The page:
I bought a 30 million asset, which was which was you know, appraised at 36 million just six months ago, seven months ago. And those kinds of assets are at this point you know, unquestionably inexpensive, especially, especially if you can get. You know, loan assumption. So this particular asset via zoomed a loan, it was 79% LTV, it was about five, a little over 5% fixed rate for five years interest.

You know, io, I mean, that’s wonderful because you are getting a 20 to 25% discount off of market value, and why are you getting that discount? Because you have to pay high interest rate. Well, if you go out and assume a loan, then you don’t have to, you know, deal with that. Right. So when you’re doing, using an assumption, you’re getting the good part of the deal, but not the bad part of the deal.

Mike Zlotnik: I concur with that point of view. And the difficulty is to get both the discount and the assemble mortgage. I’ve seen If you get a deal with a simple loan, you don’t get as much of a discount versus a deal that you have to bring your own cash at a much higher cost of money, but you get a bigger discount.

Are you seeing sponsors taking big haircuts or was it? Transaction where the sponsor was just trying to get the principal back. I’m just curious under what circumstances This isn’t a sponsor, it’s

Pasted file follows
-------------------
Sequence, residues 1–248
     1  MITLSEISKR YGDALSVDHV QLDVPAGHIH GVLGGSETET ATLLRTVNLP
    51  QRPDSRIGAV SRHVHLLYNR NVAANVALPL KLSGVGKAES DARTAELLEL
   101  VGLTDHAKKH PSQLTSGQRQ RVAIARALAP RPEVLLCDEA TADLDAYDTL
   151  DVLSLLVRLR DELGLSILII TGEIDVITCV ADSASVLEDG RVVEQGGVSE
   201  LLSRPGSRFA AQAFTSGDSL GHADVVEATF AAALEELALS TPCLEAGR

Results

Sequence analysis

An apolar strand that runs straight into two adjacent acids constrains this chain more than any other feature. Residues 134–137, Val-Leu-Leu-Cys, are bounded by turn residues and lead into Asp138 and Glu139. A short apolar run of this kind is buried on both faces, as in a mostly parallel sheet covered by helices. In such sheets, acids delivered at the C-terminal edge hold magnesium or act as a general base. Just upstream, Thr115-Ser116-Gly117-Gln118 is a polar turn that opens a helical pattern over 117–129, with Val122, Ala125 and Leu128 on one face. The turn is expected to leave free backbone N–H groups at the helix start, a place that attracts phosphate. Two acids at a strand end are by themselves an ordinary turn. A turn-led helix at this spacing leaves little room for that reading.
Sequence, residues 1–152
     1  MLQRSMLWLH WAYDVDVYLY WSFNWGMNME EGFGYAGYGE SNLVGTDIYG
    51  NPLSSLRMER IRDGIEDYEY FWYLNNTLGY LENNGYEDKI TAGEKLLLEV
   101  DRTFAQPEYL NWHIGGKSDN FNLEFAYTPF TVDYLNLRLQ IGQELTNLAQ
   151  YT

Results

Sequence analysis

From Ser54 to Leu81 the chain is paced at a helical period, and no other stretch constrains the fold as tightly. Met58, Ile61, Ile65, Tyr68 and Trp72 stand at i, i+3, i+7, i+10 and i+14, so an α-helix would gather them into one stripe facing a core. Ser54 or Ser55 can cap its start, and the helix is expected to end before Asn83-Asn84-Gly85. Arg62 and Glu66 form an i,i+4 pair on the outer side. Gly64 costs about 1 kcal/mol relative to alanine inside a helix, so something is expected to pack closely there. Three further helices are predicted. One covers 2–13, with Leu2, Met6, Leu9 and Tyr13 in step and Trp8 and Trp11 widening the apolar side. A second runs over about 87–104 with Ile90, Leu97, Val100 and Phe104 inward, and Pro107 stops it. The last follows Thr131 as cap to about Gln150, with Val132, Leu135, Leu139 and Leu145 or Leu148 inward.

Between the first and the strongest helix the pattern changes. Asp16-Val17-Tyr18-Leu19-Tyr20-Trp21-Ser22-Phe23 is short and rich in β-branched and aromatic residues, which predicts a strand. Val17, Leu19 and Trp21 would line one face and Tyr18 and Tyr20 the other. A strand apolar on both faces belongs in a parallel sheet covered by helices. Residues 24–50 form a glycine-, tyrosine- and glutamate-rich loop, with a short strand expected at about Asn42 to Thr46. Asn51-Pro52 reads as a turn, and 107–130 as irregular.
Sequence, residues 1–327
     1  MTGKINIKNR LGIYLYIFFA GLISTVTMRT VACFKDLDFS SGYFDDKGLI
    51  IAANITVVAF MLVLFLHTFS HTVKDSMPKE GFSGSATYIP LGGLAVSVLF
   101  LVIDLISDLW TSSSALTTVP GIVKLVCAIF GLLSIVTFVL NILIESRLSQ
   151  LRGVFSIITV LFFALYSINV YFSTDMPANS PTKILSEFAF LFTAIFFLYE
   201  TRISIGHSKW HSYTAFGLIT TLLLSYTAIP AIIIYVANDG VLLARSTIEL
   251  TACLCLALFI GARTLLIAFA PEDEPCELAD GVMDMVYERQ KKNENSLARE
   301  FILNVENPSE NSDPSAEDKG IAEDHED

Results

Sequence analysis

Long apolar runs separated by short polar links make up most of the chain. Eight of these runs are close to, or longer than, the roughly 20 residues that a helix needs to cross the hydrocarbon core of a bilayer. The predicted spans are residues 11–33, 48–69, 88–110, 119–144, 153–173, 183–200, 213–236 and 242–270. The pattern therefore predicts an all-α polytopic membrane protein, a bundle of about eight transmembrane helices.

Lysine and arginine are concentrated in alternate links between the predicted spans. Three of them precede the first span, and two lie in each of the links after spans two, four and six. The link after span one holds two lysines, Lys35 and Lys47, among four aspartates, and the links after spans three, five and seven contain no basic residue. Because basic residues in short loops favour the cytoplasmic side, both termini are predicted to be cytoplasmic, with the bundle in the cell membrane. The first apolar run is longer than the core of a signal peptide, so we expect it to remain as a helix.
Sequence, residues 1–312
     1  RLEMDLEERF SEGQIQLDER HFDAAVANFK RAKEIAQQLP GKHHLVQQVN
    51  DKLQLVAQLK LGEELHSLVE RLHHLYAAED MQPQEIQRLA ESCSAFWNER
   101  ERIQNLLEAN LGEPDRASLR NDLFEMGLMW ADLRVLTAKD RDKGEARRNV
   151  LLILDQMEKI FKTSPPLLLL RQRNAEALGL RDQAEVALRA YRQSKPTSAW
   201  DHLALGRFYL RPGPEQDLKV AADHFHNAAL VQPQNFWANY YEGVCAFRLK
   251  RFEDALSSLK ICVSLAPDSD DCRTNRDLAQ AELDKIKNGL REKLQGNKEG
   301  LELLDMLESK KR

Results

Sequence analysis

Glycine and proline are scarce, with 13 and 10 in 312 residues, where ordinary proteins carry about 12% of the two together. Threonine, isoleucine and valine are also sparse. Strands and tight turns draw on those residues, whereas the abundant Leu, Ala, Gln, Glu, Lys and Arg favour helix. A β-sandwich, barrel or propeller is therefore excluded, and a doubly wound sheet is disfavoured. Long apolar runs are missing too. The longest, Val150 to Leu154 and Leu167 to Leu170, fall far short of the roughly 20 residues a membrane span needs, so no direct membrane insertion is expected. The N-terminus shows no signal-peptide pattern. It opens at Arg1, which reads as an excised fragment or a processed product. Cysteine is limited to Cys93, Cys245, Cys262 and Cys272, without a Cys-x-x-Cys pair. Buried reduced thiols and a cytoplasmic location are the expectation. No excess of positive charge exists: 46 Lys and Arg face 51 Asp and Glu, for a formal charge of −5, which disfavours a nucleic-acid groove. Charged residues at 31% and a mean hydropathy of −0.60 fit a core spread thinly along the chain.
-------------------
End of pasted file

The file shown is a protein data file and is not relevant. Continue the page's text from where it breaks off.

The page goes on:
Neal Bawa: a family that, you know, was, has its own money. And they have 30 plus assets and some of their assets need to be refinanced.

So they have to sell some of their good assets to come up with cash to get their other assets refinanced. So there’s a lot of Reasons why people send sell good assets that are highly occupied in this in every market, including this market, people get divorced, people have kids, people, you know, need to raise money for health reasons.

So there’s, there’s plenty of assets in the marketplace. As you said, The assets that are marked down the most are the ones without the assumable loans. The assets that have the assumable loans are still discounted, but not discounted as much as they should be.

Mike Zlotnik: Yeah, I got you, but it’s still a great opportunity if you can get that fixed rate debt, at least you have that security or safety for the duration of the loan.

And what’s your, and it’s a crystal ball question, but this is a fundamental assumption that many of us have to make an underwriting multifamily, any commercial deals. Are the interest rates going to come down or they’re going to stay at this elevated level for a long, long time? It’s basically depending on the point of view of what people are saying, with the government printing press accelerating, it’s just difficult to see how the interest rates will come down unless things really get broken in the system.

Neal Bawa: I, I don’t know why people say that. I think that a fundamental. understanding of economics is necessary and very few people in real estate have a good understanding of economics. They don’t spend enough time looking at this. So let me say this and it’s what I’m going to say is a little technical, right?

The federal funds rate that the fed doesn’t actually change interest rates. They change an internal interbank lending rate called the fed funds rate. And the fed funds rate is currently between five and a quarter and five and a half. And it’s been there for the last seven months. And inflation is currently somewhere around three and a quarter.